Communism, it is often said, will work under the proper conditions. Though it might fail in a big country with millions of disconnected individuals, it should work in a small community of relatively close-knit comrades, who would thrive under a system of shared burden and harvest.
If you think that successful communism is small communism, the experience of America’s first settlers should dispel any romantic notions you may harbor on the subject.
Plymouth Colony, a small community of settlers struggling to survive in a new land, learned about the benefits of private property the hard way. When the colony began in 1621, all the goods and products were held in a “common stock.” All were to contribute equally and share equally in the community’s bounty—or lack thereof. The governor of Plymouth Colony, William Bradford, recorded the experiment of communal living in his journal. As he explains, there was little harvest and much dissatisfaction. Young men objected to working for the benefit of other men’s wives and children. The strong objected that they received the same amount of food and clothing as the weak. The older men objected to laboring the same amount as the young. The women objected to performing household chores for men other than their husbands, deeming it “a kind of slavery.”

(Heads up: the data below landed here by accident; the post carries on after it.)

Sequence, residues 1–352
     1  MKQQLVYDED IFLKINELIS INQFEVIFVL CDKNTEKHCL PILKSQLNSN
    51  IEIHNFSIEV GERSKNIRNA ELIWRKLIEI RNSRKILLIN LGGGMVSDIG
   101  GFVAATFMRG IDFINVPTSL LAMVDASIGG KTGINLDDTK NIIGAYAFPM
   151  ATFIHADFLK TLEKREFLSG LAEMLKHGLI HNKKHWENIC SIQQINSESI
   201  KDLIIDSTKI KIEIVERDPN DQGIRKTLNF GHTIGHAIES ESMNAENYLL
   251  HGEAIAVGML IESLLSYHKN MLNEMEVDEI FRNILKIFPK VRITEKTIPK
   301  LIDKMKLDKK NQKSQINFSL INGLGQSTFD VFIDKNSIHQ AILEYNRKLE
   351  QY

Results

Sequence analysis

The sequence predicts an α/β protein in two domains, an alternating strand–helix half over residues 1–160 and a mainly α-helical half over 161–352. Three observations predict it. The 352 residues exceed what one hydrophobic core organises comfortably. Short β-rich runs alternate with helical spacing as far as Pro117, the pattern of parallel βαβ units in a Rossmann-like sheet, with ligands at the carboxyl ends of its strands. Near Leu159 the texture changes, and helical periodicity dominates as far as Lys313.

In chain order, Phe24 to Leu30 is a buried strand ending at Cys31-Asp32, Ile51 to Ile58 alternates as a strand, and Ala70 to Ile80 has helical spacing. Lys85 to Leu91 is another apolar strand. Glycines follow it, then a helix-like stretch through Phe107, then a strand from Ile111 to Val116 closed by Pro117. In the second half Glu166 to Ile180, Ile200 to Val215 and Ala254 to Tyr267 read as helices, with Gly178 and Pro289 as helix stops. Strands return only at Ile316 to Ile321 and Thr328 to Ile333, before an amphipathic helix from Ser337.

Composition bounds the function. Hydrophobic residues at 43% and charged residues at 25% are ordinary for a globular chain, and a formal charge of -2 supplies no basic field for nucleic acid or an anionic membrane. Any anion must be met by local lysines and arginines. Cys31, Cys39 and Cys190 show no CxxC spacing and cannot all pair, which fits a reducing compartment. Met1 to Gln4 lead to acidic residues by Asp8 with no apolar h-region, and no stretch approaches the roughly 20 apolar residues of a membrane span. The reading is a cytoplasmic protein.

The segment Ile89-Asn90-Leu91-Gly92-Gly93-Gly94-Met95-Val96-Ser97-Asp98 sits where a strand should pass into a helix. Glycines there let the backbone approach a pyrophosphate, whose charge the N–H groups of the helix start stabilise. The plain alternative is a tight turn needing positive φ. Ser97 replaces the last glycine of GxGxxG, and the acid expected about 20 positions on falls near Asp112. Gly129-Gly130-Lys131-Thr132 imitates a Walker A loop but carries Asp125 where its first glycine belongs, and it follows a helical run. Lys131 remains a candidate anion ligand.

In response to the dearth of crops, starvation, and overall miserable condition that communal living had produced, Bradford introduced a system of private property in agriculture. He assigned “to every family a parcel of land, according to the proportion of their number, for that end, only for present use (but made no division for inheritance) and ranged all boys and youth under some family.” This new system of private property proved prosperous and enlivening. Men, women, and children no longer thought labor to be tyrannical and oppressive, and instead became industrious stewards of their individual plots of land, resulting in bountiful harvests.
From Plymouth Colony’s transformation, Bradford concluded that communism was incompatible with human nature. It is vain to advocate that “taking away of property and bringing in community into a commonwealth would make [men] happy and flourishing. For this community (so far as it was) was found to breed much confusion and discontent and retard much employment that would have been to their benefit and comfort.”
It only took Plymouth Colony three years (and several bouts of starvation) to clarify that pilgrim socialism was a failure. Equality is not desirable when it means equally starving to death. This Thanksgiving, as we celebrate family, and friends, and the blessings of this life, let us also recall our other inheritance from the Pilgrims—that of private property.